on 17 October 2015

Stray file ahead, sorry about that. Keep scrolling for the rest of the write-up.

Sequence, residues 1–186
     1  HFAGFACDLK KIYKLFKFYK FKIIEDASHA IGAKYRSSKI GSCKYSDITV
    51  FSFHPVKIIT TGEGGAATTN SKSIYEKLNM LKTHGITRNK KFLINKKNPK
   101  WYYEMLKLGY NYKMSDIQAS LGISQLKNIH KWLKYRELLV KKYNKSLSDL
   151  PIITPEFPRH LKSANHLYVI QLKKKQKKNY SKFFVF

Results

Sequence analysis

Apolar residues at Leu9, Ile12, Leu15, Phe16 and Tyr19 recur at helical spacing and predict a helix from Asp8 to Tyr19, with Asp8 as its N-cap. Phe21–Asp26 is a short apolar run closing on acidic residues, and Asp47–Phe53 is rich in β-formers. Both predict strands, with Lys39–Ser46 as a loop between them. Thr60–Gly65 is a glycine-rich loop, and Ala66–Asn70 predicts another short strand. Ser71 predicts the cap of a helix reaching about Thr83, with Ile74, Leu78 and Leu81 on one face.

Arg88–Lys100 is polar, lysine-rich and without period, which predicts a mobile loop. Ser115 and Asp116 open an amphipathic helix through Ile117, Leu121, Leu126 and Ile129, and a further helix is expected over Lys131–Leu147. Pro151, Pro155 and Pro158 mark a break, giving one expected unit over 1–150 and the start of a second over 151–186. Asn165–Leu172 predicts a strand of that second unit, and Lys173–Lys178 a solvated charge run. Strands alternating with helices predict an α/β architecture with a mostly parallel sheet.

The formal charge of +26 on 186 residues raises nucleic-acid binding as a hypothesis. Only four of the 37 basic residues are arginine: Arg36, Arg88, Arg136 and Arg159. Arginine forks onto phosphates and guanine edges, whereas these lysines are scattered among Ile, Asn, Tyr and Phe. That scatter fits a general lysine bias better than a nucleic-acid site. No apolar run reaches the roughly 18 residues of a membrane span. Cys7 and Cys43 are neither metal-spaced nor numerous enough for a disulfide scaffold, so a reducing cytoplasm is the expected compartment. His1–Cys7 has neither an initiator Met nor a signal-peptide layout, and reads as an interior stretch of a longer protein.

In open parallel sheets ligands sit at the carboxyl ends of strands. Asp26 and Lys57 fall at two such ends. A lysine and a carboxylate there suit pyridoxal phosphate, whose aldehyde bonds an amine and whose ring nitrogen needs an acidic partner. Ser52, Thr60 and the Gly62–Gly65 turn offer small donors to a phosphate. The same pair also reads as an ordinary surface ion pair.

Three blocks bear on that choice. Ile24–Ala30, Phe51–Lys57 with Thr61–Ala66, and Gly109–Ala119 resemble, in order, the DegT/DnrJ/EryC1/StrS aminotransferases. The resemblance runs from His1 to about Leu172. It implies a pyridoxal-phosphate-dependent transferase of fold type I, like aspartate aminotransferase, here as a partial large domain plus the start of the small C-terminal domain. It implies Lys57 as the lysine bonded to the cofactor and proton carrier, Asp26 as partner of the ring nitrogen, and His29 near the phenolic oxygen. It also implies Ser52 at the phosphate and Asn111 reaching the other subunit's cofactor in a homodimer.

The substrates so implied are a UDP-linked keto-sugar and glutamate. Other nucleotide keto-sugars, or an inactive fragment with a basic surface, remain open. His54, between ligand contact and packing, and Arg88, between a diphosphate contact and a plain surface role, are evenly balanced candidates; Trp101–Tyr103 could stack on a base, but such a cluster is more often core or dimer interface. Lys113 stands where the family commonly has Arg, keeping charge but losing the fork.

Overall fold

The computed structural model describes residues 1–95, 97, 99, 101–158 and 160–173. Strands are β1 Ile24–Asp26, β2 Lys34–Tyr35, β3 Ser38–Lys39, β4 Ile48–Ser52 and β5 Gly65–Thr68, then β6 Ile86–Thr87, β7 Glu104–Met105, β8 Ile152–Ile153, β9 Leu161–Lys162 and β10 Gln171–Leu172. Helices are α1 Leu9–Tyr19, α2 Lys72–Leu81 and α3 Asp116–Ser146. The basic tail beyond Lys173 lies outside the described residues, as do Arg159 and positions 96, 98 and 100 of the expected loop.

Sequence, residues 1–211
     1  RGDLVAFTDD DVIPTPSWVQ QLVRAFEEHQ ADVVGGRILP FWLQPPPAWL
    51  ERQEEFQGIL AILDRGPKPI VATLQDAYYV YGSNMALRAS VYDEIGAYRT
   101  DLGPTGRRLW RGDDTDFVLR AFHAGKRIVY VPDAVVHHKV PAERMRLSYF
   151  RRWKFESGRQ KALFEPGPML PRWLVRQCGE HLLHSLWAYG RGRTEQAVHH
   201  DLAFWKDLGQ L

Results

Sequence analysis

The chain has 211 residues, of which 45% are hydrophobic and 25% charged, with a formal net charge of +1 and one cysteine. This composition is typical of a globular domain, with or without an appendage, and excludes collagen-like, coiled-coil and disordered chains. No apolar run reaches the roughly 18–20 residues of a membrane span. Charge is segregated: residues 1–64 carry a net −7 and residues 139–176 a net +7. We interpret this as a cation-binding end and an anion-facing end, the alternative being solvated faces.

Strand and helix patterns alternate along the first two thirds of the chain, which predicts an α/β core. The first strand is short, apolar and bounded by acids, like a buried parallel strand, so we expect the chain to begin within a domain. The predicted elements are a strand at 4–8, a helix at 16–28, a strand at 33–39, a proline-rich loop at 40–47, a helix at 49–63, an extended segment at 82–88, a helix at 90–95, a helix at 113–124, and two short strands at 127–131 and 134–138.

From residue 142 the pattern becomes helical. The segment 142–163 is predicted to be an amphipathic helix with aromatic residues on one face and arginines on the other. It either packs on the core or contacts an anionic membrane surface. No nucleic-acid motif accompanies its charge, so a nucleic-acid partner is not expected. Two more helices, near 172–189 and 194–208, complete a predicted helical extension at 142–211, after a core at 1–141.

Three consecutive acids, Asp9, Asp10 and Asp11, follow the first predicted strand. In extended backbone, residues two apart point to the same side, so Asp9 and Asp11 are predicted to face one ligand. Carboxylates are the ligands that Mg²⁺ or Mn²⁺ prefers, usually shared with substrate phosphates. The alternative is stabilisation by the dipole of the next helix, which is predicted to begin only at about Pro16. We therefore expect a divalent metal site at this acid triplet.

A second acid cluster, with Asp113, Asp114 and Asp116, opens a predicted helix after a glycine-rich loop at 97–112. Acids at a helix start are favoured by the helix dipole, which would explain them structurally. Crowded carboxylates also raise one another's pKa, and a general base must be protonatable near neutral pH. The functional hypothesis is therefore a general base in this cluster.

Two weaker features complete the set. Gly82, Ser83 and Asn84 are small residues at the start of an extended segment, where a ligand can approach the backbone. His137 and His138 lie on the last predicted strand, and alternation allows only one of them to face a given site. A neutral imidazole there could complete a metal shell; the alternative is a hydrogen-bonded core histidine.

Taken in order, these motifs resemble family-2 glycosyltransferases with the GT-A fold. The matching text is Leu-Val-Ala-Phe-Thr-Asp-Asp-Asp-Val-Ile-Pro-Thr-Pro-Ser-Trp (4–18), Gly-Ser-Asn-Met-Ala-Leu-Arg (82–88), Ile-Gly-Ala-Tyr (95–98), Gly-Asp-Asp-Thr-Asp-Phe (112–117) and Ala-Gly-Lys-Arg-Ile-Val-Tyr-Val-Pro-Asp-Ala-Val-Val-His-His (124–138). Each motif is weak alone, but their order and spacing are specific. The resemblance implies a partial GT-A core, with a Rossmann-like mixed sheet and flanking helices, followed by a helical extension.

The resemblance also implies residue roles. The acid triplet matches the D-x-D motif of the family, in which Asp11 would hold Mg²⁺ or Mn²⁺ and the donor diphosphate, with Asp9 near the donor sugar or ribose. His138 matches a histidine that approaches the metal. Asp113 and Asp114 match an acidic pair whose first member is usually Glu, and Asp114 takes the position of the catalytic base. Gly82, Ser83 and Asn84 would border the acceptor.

In the late 1980s and early 1990s Hale and Pace faced some formidable competition in the UK TV sketch show stakes: over at the BBC they were up against the likes of Fry and Laurie, French and Saunders, Smith and Jones, Alexei Sayle, Victoria Wood, and The Mary Whitehouse Experience, to name but a few. But Hale and Pace had some advantages over their other-channel rivals. First, their 10pm Sunday evening scheduling on ITV meant that they could try some borderline-bad taste material in a slightly more acceptable timeslot. The shorter ITV duration – allowing for commercial breaks, etc. – meant that they had to pack their material in, and there's none of the script verbiage and performance looseness was is too often endemic to BBC comedy shows. The running order sketches was also subtly given continuity with linking motifs that only really become apparent when re-watched on DVD. And Hale and Pace were intrinsically funny guys who instinctively understood the dynamics of their comedy style, rather than smarty-pants review performers who seemed to do comedy as a post-graduate media career option. The duo were also perfect for LWT's weekend audiences, who liked clever comedy that skirted with vulgarity. True, their material became variable as the years wore on, and they hesitated not to get cheap laughs out of puerile wordplay or clichéd nudity gags; but on their best form, Hale and Pace are among the very few sketch exponents whose very best work, in terms of surreal invention and downright silliness, is arguably comparable to Monty Python's Flying Circus (I'd nominate 'Guide Cats for the Blind' in this context). The sketch shows that followed Hale and Pace in the 1990s owe them a big debt – not least The Fast Show, which even lifted characters from H&P (e.g., Roy and Renée), and Armstrong and Miller. This DVD is thoroughly recommended.